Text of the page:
Moreover, reviewing the company’s brand book and making it accessible and understandable to all employees will help broadcast the organization’s key messages to the target audience. One of the most convenient ways to share it is to upload it to the cloud alongside all the templates, SOPs and guidelines for creating branded presentations.

Structuring an Internal Communication System

First of all, it is essential to remove the responsibility for the communication with employees from the organization’s leaders who are not involved in the communications department. It would be more beneficial to focus their attention on shaping their leadership and establishing effective communication within their own teams.

Secondly, business owners should organize the topics and messages they want to convey to employees using, for example, the message house method. This is a technique for structuring information that resembles the elements of a house — the main thesis is the foundation, arguments are the house’s floors, and the main point to convey is the roof.

Another interesting tool that will help better understand the team members and their needs is creating the employee profile. It can be created based on a survey or a personal SWOT analysis, both of which can help determine the employees’ professional and personal qualities, interests, preferences and values. This information can be used to organize effective team-building activities and corporate events, as well as define the company’s culture.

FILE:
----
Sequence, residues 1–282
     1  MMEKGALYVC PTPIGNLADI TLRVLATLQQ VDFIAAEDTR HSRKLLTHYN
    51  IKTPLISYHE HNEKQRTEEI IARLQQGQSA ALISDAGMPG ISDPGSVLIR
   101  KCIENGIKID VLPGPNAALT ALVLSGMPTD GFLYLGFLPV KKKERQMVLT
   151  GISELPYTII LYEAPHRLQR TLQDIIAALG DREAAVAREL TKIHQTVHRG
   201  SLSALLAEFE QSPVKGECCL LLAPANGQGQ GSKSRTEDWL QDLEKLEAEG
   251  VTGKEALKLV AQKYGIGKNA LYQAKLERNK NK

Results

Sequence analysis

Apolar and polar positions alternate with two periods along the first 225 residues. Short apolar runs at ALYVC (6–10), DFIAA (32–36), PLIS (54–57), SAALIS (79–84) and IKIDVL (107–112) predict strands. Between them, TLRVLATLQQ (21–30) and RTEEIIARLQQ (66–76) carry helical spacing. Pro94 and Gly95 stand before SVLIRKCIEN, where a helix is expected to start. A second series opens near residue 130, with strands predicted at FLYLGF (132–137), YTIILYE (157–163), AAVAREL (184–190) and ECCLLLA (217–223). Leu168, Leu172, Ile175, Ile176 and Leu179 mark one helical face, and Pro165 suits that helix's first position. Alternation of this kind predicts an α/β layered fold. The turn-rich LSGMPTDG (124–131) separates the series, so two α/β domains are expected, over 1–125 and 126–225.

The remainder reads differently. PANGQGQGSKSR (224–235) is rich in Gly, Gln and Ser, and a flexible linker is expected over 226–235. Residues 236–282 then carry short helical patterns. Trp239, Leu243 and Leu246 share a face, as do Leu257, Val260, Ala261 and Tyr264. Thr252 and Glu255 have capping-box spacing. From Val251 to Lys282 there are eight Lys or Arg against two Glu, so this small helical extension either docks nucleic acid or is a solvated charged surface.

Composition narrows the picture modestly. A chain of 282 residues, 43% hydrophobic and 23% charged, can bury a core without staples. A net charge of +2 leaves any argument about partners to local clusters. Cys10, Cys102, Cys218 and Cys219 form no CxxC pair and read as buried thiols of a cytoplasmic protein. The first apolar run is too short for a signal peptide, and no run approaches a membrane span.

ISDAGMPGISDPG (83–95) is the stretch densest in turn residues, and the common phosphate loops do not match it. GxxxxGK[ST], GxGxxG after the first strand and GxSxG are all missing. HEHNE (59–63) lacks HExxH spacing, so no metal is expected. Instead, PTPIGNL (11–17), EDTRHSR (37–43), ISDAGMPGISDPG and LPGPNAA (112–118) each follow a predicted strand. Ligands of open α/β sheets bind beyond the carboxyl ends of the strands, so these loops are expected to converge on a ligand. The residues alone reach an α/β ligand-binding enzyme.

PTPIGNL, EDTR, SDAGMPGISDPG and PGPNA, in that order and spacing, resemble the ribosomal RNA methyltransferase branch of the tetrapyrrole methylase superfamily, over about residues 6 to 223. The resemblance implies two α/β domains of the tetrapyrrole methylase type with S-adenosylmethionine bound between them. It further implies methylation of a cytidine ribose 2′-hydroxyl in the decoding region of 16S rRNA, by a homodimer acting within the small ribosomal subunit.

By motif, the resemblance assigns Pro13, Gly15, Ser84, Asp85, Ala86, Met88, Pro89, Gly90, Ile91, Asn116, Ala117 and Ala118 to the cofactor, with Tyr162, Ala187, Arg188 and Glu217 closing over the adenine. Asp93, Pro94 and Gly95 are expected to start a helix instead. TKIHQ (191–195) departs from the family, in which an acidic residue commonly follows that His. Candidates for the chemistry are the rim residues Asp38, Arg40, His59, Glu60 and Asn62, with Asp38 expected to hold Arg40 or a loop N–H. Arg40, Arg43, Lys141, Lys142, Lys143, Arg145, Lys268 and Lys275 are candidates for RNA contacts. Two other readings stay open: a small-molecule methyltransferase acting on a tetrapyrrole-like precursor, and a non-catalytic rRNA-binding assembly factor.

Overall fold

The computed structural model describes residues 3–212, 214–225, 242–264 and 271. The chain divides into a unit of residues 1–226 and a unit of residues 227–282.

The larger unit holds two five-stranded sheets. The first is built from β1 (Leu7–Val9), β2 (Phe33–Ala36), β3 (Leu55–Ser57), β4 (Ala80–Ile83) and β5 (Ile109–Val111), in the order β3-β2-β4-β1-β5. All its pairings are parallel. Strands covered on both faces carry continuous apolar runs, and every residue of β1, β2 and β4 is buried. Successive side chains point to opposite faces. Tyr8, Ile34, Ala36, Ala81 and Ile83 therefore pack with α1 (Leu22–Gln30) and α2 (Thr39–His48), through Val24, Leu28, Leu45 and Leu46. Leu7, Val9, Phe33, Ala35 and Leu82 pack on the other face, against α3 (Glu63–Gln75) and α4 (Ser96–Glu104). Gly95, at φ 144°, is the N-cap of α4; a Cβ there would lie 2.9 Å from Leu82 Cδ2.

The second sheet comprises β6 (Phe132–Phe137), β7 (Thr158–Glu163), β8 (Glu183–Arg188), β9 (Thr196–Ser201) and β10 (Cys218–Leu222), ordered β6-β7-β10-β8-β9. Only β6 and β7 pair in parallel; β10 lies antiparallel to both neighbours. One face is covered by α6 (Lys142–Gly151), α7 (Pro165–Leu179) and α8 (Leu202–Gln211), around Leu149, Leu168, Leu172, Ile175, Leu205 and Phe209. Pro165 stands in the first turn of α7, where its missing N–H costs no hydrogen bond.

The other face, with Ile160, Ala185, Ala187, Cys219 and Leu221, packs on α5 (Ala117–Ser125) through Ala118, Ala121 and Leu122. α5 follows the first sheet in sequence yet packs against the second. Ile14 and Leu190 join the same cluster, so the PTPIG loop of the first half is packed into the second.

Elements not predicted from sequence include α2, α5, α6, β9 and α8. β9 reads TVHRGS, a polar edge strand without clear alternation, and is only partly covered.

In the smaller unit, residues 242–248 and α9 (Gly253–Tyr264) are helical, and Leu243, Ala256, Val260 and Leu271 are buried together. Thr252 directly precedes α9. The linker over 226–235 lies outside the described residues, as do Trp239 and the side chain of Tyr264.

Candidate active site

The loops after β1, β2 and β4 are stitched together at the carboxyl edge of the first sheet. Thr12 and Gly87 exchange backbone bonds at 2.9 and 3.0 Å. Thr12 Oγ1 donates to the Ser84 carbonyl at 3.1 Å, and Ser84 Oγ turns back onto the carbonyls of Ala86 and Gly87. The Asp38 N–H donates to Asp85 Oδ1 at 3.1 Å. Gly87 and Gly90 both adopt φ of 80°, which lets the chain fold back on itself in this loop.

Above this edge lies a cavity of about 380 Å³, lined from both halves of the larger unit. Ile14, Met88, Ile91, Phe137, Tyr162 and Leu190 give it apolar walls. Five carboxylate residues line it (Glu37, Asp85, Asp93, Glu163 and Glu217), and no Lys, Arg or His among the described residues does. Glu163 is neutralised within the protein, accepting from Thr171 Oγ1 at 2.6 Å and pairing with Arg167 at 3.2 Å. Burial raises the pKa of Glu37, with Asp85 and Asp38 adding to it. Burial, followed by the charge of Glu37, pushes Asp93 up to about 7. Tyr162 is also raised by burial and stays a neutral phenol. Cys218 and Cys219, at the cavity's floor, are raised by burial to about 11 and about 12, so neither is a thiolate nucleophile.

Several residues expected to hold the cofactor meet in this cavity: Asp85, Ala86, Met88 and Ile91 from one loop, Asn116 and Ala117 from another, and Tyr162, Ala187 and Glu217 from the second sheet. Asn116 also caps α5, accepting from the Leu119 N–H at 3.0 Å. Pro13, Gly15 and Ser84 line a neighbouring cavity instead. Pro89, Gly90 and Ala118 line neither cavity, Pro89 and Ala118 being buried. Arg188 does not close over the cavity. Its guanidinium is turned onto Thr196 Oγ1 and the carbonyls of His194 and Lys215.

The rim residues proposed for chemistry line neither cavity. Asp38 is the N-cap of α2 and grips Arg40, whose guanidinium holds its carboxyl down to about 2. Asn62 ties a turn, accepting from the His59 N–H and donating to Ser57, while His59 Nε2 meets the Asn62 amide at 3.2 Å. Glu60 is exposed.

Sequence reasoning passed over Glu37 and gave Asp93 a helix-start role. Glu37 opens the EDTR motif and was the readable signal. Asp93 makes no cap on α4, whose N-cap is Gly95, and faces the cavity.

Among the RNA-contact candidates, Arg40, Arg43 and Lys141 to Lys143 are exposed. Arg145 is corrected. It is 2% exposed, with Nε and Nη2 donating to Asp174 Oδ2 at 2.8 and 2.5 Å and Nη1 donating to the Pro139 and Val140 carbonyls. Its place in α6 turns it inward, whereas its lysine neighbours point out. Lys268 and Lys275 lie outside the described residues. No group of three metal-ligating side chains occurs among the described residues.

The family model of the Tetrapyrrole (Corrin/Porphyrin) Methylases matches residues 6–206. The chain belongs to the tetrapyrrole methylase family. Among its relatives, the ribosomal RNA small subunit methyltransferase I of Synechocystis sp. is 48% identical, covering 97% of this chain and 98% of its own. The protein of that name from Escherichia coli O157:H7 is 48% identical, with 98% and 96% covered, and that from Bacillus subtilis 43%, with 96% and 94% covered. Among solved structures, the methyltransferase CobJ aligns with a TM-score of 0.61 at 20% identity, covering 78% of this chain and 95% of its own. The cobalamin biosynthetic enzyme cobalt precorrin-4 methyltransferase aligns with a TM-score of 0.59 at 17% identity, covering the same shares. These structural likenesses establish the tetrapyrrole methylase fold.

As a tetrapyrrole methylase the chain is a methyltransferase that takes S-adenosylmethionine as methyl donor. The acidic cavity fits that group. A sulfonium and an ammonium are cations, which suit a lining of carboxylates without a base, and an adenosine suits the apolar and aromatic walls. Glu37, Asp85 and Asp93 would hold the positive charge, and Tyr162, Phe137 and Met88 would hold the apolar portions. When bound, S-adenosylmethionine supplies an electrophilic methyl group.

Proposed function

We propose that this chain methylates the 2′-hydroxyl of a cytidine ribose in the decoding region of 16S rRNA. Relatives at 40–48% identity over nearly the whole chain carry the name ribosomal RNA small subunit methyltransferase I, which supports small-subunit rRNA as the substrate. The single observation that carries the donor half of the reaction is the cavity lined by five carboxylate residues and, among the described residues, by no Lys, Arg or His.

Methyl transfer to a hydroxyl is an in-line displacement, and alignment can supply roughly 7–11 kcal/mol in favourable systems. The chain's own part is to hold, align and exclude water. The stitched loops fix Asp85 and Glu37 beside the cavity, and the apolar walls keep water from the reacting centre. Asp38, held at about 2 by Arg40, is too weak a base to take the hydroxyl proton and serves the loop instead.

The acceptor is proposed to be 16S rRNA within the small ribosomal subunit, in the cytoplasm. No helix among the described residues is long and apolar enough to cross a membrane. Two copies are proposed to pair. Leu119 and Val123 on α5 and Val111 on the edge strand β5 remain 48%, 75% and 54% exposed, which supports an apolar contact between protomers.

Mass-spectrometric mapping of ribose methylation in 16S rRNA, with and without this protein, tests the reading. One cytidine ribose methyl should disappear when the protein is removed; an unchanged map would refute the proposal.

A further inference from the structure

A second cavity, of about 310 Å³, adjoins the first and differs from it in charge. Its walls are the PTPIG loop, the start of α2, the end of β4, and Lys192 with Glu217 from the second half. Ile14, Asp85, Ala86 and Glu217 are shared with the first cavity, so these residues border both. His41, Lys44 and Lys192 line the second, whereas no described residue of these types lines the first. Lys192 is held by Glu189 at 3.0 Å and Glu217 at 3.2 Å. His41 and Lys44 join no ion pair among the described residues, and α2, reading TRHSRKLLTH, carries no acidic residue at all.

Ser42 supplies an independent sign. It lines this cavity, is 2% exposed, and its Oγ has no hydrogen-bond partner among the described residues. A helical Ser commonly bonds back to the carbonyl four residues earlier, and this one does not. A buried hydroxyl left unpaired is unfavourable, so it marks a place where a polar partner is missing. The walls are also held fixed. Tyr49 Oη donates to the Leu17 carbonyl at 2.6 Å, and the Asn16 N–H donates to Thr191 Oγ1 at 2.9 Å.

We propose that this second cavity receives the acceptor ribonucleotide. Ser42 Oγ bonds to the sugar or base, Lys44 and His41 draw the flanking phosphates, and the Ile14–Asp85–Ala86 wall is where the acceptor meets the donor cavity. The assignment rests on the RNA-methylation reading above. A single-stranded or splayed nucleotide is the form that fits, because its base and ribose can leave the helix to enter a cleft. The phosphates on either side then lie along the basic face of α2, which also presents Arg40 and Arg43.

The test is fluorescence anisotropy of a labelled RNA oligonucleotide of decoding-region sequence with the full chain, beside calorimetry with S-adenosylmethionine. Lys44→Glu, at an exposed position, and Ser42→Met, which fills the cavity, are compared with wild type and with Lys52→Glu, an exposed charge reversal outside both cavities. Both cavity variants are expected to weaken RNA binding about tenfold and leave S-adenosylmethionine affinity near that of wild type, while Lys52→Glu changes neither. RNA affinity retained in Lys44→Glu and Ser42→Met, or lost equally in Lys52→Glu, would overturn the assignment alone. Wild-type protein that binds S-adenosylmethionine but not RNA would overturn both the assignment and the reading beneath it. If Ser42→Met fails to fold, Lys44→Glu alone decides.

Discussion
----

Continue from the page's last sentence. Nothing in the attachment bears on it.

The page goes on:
It is also crucial to analyze the communication channels — by conducting a survey, for example — to determine which channels are practical and convenient for the teams to use, and introduce new, alternative communication channels if the old solutions no longer meet internal communications needs.

And the last step in structuring the company’s communication system is to determine the appropriate forms of communication — meetings (both online and in-person), calls, surveys, internal company newsletters — along with their regularity, form and timing.

Creating a Content Plan